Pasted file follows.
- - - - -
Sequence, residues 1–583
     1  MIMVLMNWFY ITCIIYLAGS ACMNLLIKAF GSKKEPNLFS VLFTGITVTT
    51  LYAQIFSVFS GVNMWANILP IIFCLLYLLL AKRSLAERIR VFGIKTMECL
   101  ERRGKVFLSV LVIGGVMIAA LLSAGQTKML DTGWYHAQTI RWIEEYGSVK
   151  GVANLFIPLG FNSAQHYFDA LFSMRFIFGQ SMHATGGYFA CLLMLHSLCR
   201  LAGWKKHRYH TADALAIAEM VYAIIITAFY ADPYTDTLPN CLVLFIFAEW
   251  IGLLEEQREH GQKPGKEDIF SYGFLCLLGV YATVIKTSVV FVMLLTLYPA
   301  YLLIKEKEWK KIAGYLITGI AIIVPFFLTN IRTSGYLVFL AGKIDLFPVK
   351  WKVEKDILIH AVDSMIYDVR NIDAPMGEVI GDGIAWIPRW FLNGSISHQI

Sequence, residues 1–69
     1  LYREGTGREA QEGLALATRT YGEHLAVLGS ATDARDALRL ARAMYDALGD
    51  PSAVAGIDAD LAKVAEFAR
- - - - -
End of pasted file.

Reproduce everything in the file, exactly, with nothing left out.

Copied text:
Sequence, residues 1–583
     1  MIMVLMNWFY ITCIIYLAGS ACMNLLIKAF GSKKEPNLFS VLFTGITVTT
    51  LYAQIFSVFS GVNMWANILP IIFCLLYLLL AKRSLAERIR VFGIKTMECL
   101  ERRGKVFLSV LVIGGVMIAA LLSAGQTKML DTGWYHAQTI RWIEEYGSVK
   151  GVANLFIPLG FNSAQHYFDA LFSMRFIFGQ SMHATGGYFA CLLMLHSLCR
   201  LAGWKKHRYH TADALAIAEM VYAIIITAFY ADPYTDTLPN CLVLFIFAEW
   251  IGLLEEQREH GQKPGKEDIF SYGFLCLLGV YATVIKTSVV FVMLLTLYPA
   301  YLLIKEKEWK KIAGYLITGI AIIVPFFLTN IRTSGYLVFL AGKIDLFPVK
   351  WKVEKDILIH AVDSMIYDVR NIDAPMGEVI GDGIAWIPRW FLNGSISHQI

Sequence, residues 1–69
     1  LYREGTGREA QEGLALATRT YGEHLAVLGS ATDARDALRL ARAMYDALGD
    51  PSAVAGIDAD LAKVAEFAR